RUSH: So yesterday on CNN, Candy Crowley asked the panel on her program if the comments of Dr. Benjamin Carson at the National Prayer Breakfast were inappropriate. Actually, she asked if his comments were appropriate. Now, before we play for you the Candy Crowley sound bite from CNN yesterday, I want to go back. We've got two sound bites from Dr. Benjamin Carson. He's the Johns Hopkins University hospital pediatric neurosurgery director. He's a great guy. Great, great family story, from Detroit. Here are the two excerpts that we aired last week from his remarks at the National Prayer Breakfast with Obama sitting right there.
CARSON: Now, some people say, they say, "Well, that's not fair because it doesn't hurt the guy who made $10 billion as much as the guy who made ten." Where does it say you have to hurt the guy? He just put a billion dollars in the pot!
CARSON: You know, we don't need to hurt him. It's that kind of thinking...
CARSON: It's that kind of thinking that has resulted in 602 banks in the Cayman Islands. That money needs to be back here, building our infrastructure and creating jobs.
RUSH: Here's Dr. Carson with his solution to the health care crisis in this country.
CARSON: Here's my solution: When a person is born, give him a birth certificate, an electronic medical record, and a health savings account to which money can be contributed -- pretax -- from the time you're born 'til the time you die. When you die, you can pass it on to your family members, so that when you're 85 years old and you got six diseases, you're not trying to spend up everything. You're happy to pass it on and there's nobody talking about 'death panels.'
AUDIENCE: (laughter and applause)
CARSON: Number one. And also, for the people who were indigent who don't have any money, we can make contributions to their HSA each month because we already have this huge pot of money. Instead of sending it to some bureaucracy, let's put it in their HSAs. Now they have some control over their own health care.
RUSH: Uh-oh. Uh-oh. Not what Obama wants to hear. Now patients, now people can have control over their own health care. He wants that control. He wants the government to have that control. He wants the death panels to have that control. Now, these sound bites were just part of a long speech Mr. Carson. It really resonated. It was terrific. It was so rational and so simple, and it was so needed. It's such a great contrast to what we're getting from the Republican Party, who are wringing their hands, being all introspective and changing their branding and changing their marketing.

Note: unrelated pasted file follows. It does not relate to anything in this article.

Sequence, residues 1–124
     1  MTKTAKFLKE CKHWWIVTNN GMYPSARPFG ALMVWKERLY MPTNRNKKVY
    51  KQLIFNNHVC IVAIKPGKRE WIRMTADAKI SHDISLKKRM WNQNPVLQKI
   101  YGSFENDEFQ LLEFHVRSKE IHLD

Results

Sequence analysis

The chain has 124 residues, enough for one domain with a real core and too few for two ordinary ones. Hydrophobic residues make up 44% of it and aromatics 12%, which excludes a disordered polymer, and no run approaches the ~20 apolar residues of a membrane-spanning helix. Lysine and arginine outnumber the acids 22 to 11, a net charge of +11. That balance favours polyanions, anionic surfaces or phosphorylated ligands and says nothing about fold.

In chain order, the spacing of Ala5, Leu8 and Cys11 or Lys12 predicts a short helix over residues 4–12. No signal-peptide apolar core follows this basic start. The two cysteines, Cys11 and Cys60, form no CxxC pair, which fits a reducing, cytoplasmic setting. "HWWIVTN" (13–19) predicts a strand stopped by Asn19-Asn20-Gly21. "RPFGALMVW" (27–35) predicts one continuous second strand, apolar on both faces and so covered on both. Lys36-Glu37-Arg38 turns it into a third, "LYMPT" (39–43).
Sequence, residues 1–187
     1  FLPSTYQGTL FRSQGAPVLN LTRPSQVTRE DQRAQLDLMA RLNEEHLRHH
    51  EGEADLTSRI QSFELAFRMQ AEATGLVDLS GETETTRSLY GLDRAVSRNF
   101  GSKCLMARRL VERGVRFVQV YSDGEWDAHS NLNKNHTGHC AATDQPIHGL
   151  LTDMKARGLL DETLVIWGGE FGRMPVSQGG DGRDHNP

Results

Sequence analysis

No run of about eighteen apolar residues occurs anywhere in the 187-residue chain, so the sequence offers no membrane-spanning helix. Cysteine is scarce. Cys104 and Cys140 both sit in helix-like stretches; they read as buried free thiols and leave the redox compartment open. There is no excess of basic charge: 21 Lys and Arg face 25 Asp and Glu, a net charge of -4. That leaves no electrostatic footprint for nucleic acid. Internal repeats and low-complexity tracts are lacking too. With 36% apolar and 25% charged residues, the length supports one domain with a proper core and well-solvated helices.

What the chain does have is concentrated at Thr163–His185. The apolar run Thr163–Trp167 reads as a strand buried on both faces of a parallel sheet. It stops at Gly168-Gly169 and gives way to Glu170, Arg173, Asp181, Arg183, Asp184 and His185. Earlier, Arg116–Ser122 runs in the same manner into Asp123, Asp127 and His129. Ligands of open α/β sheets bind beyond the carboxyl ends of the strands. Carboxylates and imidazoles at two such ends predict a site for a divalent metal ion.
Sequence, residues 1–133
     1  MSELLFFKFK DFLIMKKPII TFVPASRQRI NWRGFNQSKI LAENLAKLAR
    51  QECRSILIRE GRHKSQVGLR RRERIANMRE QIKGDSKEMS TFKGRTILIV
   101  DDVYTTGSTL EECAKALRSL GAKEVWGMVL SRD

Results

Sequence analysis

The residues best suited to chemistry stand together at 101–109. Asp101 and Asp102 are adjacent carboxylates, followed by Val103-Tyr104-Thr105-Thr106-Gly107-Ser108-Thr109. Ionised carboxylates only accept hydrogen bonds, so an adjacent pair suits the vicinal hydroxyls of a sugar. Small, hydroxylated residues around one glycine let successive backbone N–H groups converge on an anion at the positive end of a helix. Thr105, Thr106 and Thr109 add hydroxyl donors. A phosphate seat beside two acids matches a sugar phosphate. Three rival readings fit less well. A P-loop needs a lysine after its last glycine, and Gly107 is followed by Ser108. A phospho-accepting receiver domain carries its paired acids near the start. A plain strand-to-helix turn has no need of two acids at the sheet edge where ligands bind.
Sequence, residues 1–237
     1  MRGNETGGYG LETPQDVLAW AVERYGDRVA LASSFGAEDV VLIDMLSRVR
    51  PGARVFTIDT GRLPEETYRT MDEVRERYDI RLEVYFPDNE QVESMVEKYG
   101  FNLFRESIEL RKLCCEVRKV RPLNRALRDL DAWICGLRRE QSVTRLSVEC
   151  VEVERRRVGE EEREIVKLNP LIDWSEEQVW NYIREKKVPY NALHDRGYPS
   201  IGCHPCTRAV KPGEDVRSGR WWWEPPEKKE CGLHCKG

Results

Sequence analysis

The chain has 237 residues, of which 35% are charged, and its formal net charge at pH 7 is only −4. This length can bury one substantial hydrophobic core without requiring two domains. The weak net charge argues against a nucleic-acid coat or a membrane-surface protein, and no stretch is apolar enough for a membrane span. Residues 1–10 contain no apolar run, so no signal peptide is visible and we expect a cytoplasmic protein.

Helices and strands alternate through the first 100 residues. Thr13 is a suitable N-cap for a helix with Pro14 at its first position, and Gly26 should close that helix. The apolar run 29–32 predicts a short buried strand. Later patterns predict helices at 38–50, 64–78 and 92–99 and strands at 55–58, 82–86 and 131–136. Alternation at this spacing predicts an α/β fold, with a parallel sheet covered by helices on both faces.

And all that's required is somebody to articulate the ideas, particularly since Obama's afraid to use his own ideas. Ideas can triumph. Dr. Carson here proved it. So to show you what a threat this man is and was at the prayer breakfast on State of the Union on Sunday, Candy Crowley's show, she interviewed Jan Schakowsky, congresswoman from Illinois, talking about Dr. Carson, and they had this exchange.
CROWLEY: Did you find anything offensive with -- certainly he's -- it's America, he's entitled to his opinion. A lot of the talk was about was this the right place to do it, and there was lots of applause from Republicans who said, "Finally somebody stood up and said it."
SCHAKOWSKY: It's really, um, not really an appropriate place to make this kind of political speech and to invoke God as his support for that kind of point of view. But I think most of all, the kind of message that he was giving shows a real empathy gap of where the American people are right now and I think it's reflective of where many of the Republicans and Tea Parties are right now that we need to have an economy that works for everyone.
RUSH: You can't have a bigger disconnect than this. Candy Crowley first, "Well, kind of offensive, certainly he's entitled to his opinion. I mean, he is an American and all, but was this the right place, prayer breakfast, president sitting there, was this the right place?" You mean, there happen to be places where telling the truth about things just isn't permitted, not appropriate? And then of course Schakowsky (doing impression), "Oh, of course it's not appropriate. No way, invoke God at a prayer breakfast for the kind of point of view he has? Of course that's not appropriate. But look at the disconnect here, Candy. Most Americans are not thinking of doing things for themselves. Most Americans want the government to do it for 'em. And for this guy to show up and talk about taking care of yourself and controlling your own health, that's not where the American people are. What a big disconnect, just shows you how screwed up the Tea Party is."
They were questioning whether or not this man had the right or was appropriate. Statists, folks, statists.
RUSH: Have you noticed all the white Republican racists who are pretending that they liked Dr. Benjamin Carson? You notice that, Snerdley? Well, that's how the left would look at it.